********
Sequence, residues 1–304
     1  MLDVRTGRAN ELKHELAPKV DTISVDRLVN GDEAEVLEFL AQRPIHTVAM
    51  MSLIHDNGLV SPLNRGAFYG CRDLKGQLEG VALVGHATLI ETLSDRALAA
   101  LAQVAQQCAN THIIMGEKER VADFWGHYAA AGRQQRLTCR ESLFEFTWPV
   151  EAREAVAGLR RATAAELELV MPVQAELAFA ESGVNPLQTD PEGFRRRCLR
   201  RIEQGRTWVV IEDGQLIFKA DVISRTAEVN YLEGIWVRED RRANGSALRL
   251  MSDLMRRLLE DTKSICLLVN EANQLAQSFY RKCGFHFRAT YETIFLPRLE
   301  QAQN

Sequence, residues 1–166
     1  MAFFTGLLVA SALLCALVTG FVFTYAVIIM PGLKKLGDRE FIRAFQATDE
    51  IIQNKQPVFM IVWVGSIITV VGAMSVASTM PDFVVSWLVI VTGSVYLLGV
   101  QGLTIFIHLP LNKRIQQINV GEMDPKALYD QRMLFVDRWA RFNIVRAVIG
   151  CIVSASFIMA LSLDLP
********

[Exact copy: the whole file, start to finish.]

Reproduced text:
Sequence, residues 1–304
     1  MLDVRTGRAN ELKHELAPKV DTISVDRLVN GDEAEVLEFL AQRPIHTVAM
    51  MSLIHDNGLV SPLNRGAFYG CRDLKGQLEG VALVGHATLI ETLSDRALAA
   101  LAQVAQQCAN THIIMGEKER VADFWGHYAA AGRQQRLTCR ESLFEFTWPV
   151  EAREAVAGLR RATAAELELV MPVQAELAFA ESGVNPLQTD PEGFRRRCLR
   201  RIEQGRTWVV IEDGQLIFKA DVISRTAEVN YLEGIWVRED RRANGSALRL
   251  MSDLMRRLLE DTKSICLLVN EANQLAQSFY RKCGFHFRAT YETIFLPRLE
   301  QAQN

Sequence, residues 1–166
     1  MAFFTGLLVA SALLCALVTG FVFTYAVIIM PGLKKLGDRE FIRAFQATDE
    51  IIQNKQPVFM IVWVGSIITV VGAMSVASTM PDFVVSWLVI VTGSVYLLGV
   101  QGLTIFIHLP LNKRIQQINV GEMDPKALYD QRMLFVDRWA RFNIVRAVIG
   151  CIVSASFIMA LSLDLP